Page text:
In addition to Mircera®, your body needs iron and vitamins to make red blood cells. Your doctor may direct you to take iron or vitamin supplements. Be sure to follow your doctor's orders carefully.
The dose of this medicine will be different for different patients. Follow your doctor's orders or the directions on the label. The following information includes only the average doses of this medicine. If your dose is different, do not change it unless your doctor tells you to do so.
The amount of medicine that you take depends on the strength of the medicine. Also, the number of doses you take each day, the time allowed between doses, and the length of time you take the medicine depend on the medical problem for which you are using the medicine.
- For injection dosage form:
- For anemia from chronic kidney failure:
- Adults—Dose is based on body weight and must be determined by your doctor. The starting dose is 0.6 microgram (mcg) per kilogram (kg) of body weight injected into a vein or under the skin once every 2 weeks. Your doctor may adjust the dose as needed.
- Children—Use and dose must be determined by your doctor.
- For anemia from chronic kidney failure:
Call your doctor or pharmacist for instructions.
Keep out of the reach of children.
Do not keep outdated medicine or medicine no longer needed.
Ask your healthcare professional how you should dispose of any medicine you do not use.
Store in the refrigerator. Do not freeze.
If you store this medicine at home, keep it in the original package until you are ready to use it. Protect it from direct light. Do not freeze or shake the medicine. If necessary, you may store it at room temperature for up to 30 days.
Precautions While Using This Medicine:
It is very important that your doctor check your blood regularly while you are using this medicine. You may also need to monitor your blood pressure at home. If you notice any changes to your normal blood pressure, call your doctor right away.
This medicine may increase your risk of having heart attack, stroke, congestive heart failure, and blood clotting problems. Check with your doctor right away if you start having dizziness, fainting spells, severe tiredness, chest pain, trouble breathing, sudden or severe headache, or problems with vision, speech, or walking.
Make sure any doctor or dentist who treats you knows that you are using this medicine. You may need to stop using this medicine several days before having surgery. Your doctor may want you to take a blood thinner (such as warfarin) to prevent blood clots during or after surgery.
This medicine may increase risk of worsening of tumor in patients with cancer. Talk with your doctor about this risk.
Mircera® sometimes causes convulsions (seizures), especially during the first few months of treatment. Talk with your doctor if you have concerns about this.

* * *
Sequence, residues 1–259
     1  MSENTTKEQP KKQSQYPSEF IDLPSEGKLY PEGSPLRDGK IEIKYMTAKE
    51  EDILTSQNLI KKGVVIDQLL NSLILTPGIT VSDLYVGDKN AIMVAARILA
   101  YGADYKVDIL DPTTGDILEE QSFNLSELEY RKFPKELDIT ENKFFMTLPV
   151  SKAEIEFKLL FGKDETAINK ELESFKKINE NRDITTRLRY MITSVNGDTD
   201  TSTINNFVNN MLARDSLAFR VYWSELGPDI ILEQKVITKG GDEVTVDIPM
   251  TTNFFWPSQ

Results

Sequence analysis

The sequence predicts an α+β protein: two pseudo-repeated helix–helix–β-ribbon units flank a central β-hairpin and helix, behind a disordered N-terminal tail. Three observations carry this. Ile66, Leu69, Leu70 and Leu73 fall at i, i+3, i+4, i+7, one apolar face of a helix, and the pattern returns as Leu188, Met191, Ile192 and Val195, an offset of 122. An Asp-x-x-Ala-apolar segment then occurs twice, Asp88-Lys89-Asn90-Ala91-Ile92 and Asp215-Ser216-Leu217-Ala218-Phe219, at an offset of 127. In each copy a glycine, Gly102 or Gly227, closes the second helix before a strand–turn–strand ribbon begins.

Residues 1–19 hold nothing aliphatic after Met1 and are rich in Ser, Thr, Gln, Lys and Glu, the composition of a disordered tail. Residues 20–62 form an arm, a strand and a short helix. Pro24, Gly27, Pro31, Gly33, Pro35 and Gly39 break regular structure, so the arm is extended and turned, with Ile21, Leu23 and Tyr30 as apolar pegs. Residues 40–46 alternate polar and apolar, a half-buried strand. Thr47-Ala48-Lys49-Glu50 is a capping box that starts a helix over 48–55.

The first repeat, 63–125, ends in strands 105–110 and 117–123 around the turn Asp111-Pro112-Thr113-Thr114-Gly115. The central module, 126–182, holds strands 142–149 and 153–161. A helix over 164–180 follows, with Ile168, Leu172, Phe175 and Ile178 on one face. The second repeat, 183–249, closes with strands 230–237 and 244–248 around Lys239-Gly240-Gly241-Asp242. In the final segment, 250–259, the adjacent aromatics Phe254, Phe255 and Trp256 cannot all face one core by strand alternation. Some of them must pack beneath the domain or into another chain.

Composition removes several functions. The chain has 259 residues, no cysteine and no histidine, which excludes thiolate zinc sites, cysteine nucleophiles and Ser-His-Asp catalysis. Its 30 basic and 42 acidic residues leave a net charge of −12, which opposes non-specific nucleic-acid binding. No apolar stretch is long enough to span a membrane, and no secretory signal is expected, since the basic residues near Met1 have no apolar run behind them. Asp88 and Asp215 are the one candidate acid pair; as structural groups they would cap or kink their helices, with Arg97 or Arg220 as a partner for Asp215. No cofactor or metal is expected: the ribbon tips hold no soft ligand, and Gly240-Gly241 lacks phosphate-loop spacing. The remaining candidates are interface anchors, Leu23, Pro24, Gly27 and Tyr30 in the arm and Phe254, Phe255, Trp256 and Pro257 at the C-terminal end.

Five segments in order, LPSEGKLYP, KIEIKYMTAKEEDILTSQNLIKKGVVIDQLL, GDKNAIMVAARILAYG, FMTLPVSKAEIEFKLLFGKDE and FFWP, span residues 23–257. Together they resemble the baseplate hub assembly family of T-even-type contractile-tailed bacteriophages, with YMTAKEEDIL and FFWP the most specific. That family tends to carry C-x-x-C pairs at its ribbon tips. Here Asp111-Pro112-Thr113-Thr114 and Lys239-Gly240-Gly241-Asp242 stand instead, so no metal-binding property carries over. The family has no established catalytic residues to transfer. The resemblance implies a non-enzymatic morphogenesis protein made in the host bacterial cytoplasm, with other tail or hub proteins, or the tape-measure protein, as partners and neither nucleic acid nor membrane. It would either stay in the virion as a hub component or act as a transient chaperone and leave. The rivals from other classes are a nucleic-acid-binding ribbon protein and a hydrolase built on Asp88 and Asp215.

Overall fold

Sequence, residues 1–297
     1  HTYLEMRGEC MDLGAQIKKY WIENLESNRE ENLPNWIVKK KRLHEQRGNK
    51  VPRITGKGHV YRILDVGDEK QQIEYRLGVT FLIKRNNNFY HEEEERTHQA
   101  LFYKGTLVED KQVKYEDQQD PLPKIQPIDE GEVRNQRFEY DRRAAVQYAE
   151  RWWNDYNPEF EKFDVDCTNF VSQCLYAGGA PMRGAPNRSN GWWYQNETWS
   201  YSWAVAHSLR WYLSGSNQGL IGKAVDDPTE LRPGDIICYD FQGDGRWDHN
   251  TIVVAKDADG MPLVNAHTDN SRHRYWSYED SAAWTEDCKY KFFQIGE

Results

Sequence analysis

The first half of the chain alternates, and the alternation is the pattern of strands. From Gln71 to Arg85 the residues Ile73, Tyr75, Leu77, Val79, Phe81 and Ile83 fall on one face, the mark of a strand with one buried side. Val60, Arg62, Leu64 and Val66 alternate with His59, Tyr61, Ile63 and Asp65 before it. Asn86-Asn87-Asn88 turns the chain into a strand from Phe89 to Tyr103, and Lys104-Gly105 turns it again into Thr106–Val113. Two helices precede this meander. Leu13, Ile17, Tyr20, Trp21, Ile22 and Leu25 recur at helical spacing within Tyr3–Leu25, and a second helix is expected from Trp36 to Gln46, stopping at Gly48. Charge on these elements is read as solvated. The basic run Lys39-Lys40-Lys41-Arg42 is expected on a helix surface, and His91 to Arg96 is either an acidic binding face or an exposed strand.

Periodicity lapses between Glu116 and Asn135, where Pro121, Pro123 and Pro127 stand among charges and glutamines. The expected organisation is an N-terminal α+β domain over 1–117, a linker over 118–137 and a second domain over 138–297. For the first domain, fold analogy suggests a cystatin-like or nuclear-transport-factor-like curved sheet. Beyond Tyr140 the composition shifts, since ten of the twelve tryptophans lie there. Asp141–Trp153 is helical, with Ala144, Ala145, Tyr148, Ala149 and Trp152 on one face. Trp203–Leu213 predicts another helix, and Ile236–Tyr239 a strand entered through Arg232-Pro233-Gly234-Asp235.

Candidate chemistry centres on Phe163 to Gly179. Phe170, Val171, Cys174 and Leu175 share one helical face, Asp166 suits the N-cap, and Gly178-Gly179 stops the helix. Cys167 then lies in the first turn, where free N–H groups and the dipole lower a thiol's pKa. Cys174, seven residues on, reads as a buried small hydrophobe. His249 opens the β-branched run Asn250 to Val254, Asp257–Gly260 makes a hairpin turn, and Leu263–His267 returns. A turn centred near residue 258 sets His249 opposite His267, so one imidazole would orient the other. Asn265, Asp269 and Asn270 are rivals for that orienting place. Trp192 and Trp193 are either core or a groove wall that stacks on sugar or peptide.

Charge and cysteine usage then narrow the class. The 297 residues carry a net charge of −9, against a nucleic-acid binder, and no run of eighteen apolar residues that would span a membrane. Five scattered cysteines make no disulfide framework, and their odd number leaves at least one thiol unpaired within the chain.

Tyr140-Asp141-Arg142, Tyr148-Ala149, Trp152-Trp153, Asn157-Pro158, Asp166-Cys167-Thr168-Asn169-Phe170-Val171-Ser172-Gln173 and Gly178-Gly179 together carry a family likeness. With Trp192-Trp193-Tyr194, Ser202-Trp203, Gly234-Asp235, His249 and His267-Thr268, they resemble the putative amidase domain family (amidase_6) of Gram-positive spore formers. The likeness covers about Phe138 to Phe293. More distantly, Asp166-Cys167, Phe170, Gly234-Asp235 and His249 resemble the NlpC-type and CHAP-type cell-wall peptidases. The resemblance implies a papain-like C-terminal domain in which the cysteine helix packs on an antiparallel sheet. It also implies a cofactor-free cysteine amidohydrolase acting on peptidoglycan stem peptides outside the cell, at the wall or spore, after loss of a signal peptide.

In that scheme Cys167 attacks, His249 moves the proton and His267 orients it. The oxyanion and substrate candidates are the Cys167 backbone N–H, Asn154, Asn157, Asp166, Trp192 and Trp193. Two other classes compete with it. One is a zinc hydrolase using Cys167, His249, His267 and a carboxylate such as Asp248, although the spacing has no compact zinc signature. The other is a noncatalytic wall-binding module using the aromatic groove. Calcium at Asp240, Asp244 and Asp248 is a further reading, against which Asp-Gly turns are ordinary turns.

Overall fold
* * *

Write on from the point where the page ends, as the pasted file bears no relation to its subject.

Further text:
This medicine may cause serious allergic reactions, including anaphylaxis. Anaphylaxis can be life-threatening and requires immediate medical attention. Call your doctor right away if you have a rash, itching, swelling of the face, tongue, and throat, trouble breathing, or chest pain after you receive the medicine.
Side Effects of This Medicine:
- More common
- Blurred vision
- body aches or pain
- difficulty with breathing
- dizziness, faintness, or lightheadedness when getting up suddenly from a lying or sitting position
- ear congestion
- loss of voice
- nasal congestion
- pounding in the ears
- runny nose
- slow or fast heartbeat
- sore throat
- unusual tiredness or weakness
- Less common
- Bladder pain
- bloody or cloudy urine
- difficult, burning, or painful urination
- frequent urge to urinate
- lower back or side pain
- pains in the chest, groin, or legs, especially calves of the legs
- severe headaches of sudden onset
- sudden loss of coordination
- sudden onset of shortness of breath for no apparent reason
- sudden onset of slurred speech
- sudden vision changes
- Incidence not known
- decreased urine output
- difficulty with speaking
- difficulty with swallowing
- dilated neck veins
- double vision
- extreme fatigue
- fast, pounding, or irregular heartbeat or pulse
- hives, itching, or skin rash
- inability to move the arms, legs, or facial muscles
- inability to speak
- irregular breathing
- large, hive-like swelling on the face, eyelids, lips, tongue, throat, hands, legs, feet, or sex organs
- pain or discomfort in the arms, jaw, back, or neck
- puffiness or swelling of the eyelids or around the eyes, face, lips, or tongue
- redness of the skin
- severe, sudden headache
- slow or slurred speech
- sudden, severe weakness or numbness in the arm or leg
- sudden, unexplained shortness of breath
- swelling of the face, fingers, feet, or lower legs
- tightness in the chest
- vision changes
- weight gain
- More common
- Back pain
- muscle spasms
- Less common
- Difficulty having a bowel movement (stool)
Along with its needed effects, a medicine may cause some unwanted effects. Although not all of these side effects may occur, if they do occur they may need medical attention.
Check with your doctor or nurse immediately if any of the following side effects occur:
Some side effects may occur that usually do not need medical attention. These side effects may go away during treatment as your body adjusts to the medicine. Also, your health care professional may be able to tell you about ways to prevent or reduce some of these side effects. Check with your health care professional if any of the following side effects continue or are bothersome or if you have any questions about them:
Other side effects not listed may also occur in some patients. If you notice any other effects, check with your healthcare professional.
Call your doctor for medical advice about side effects. You may report side effects to the FDA at 1-800-FDA-1088.
Last Updated: 9/4/2017